Primary mediastinal B-cell lymphoma (PMBL) is a specific subtype of diffuse large B-cell lymphoma with a distinctive clinical course and a specific genetic profile.1,2 Several prior studies have provided key molecular–genetic aberrations;1,3 however, a targeted next-generation sequencing-based study of relevant oncogenes in all currently available PMBL cell lines has not been performed. Here we report previously unrecognized mutations in known hot-spot regions of the KIT oncogene in ~12.5% of PMBL tumors. Interestingly, activating mutations in the proto-oncogene KIT have already been described in a variety of malignancies, including mast cell leukemia, acute myelogenous leukemia, gastrointestinal stromal tumors, as well as several other solid tumors,4 where they carry, in part, therapeutic relevance due to clinically effective inhibitors.5,6
We performed next-generation sequencing-based screening of all three available PMBL cell lines using a panel of 50 relevant oncogenes (see Supplementary material and Supplementary Table 1). The full list of sequence alterations is provided in Supplementary Table 2. Notably, we found KIT mutations in two of three PMBL cell lines that we confirmed by Sanger sequencing (Figure 1). Given that these alterations were present at previously described hot spots, we further determined the mutation frequency in primary tumor samples using our PMBL cohort.7 We found three missense mutations in 30 tumor samples (10%). One of these samples (PMBL.1) was the parental tumor, from which we derived the Med-B1 cell line,8 thereby confirming that the KIT mutation is indeed present in the primary tumor and is not a result of genomic cell culture permutation. DNA analysis from microdissected non-tumor tissue in two of the mutated tumor samples showed wild-type sequence and confirmed the mutations as somatic.
Regarding the prevalence of KIT mutations in PMBL, we had to take the duplicate sample Med-B1 and parental tumor (PMBL.1) into account; we found a total of five mutations in 32 tested samples and determined a mutation frequency of ~15.6% in our cohort. When further restricting these calculations to missense mutations, we excluded sample PMBL.29 that harbored only a sense mutation (c.2394 C>T; p.I798I); the overall frequency of missense KIT mutations in PMBL (4 of 32 different samples) surmounts to ~12.5% (Figure 1). Besides this relatively high prevalence of KIT mutations, interestingly, all detected KIT missense mutations in PMBL are rare. Three mutations have been previously reported in other tumors (Table 1), and affect amino acids located in the activation loop (p.809–823) of the kinase domain (Supplementary Figure 1). One mutation (p.C788Y) is located in the kinase domain and has not been reported before. Notably, all four KIT missense mutations in PMBL are classified as ‘damaging’ by several in silico prediction tools and have therefore a possible impact on protein function (Table 1). This is also suggested by previous functional studies investigating missense mutations at these genetic hotspot regions of KIT.9, 10, 11 Thus, our findings collectively suggest the possibility of specific diagnostic, prognostic and therapeutic implications of KIT mutations in PMBL.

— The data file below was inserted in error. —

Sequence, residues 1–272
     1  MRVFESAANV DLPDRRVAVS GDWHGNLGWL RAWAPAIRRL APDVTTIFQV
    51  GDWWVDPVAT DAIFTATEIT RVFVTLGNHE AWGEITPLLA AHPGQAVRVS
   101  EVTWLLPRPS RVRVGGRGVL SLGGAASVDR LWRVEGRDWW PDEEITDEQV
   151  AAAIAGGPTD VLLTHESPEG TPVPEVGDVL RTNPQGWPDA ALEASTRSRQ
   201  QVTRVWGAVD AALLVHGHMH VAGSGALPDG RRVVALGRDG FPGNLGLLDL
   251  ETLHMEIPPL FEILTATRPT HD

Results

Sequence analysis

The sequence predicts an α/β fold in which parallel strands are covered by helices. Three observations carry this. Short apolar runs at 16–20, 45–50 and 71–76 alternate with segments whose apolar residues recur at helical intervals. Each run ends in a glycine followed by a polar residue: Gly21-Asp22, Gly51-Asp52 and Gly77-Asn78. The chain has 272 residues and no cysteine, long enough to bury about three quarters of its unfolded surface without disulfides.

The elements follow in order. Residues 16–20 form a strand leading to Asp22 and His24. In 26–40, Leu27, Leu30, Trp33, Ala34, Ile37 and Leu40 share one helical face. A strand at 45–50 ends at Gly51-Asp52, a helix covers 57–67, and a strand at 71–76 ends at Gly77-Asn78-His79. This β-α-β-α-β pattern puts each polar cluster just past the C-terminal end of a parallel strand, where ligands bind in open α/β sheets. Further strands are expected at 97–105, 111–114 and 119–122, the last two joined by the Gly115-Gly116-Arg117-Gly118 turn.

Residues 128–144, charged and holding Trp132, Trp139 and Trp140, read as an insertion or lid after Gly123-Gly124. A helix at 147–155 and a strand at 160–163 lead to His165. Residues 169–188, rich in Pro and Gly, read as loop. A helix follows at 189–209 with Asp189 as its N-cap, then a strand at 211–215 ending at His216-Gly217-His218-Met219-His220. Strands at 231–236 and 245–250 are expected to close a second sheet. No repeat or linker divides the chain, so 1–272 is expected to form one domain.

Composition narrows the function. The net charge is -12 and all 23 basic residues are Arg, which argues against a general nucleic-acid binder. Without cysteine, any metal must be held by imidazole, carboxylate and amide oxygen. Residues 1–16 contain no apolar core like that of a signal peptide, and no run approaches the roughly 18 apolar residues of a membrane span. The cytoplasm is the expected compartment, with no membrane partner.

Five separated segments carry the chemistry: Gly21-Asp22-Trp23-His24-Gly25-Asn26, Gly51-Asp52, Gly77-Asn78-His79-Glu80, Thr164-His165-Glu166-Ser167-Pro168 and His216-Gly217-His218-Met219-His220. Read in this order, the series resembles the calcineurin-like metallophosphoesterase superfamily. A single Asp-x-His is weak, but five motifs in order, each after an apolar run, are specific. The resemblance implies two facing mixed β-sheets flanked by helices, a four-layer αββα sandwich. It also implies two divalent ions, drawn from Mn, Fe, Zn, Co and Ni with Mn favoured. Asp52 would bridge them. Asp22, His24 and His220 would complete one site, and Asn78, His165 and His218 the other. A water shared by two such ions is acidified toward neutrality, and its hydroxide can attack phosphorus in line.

Notably, a recent genome-wide study delineated the mutational landscape in PMBL,3 but missed the striking frequency of over 10% recurrent KIT mutations in PMBL. Arguably, this genome-wide study was performed according to very high standards, sufficient coverage and expert bioinformatics analysis. Nonetheless, their approach was to initially sequence two PMBL patient samples, and further experiments—including targeted sequencing of one identified gene in a larger number of samples—were made based on the findings in these two patient samples. Thus, despite the advents of genome-wide analyses, the imposed sampling bias precluded identification of recurrent KIT mutations in PMBL. Pointing this out should in no way compromise the importance of revealing the mutational spectrum of PMBL; however, our data paradigmatically prove the existence of false negatives in these large-scale data sets.12, 13, 14 Furthermore, our data—albeit at a much smaller sequencing scale—emphasize targeted re-sequencing as an effective approach to perform high-throughput genotyping in tumor samples.14,15 In summary, we report for the first time that ~12.5% of PMBL samples harbor mutations in the KIT oncogene.
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We appreciate the support of all participating patients and thank P Kuhn and C Welke from the Comprehensive Cancer Center Ulm and W Kugler for administrative support. We thank Dr U Kostezka, K Dorsch, Y Nerbas, L Moser, E Kelsch, K Steinhauser, K Lorenz and J Kiedaisch for expert technical assistance. In addition, we thank Dr U Gerstenmaier for help with genotyping. The Else-Kröner Foundation supports JKL. The National Center of Tumor Diseases (NCT) and the German Consortium for Translational Cancer Research (DKTK) supports WW.
The authors declare no conflict of interest.
Supplementary Information accompanies this paper on Blood Cancer Journal website
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Nagel, P., Stenzinger, A., Feld, F. et al. KIT mutations in primary mediastinal B-cell lymphoma. Blood Cancer Journal 4, e241 (2014). https://doi.org/10.1038/bcj.2014.61
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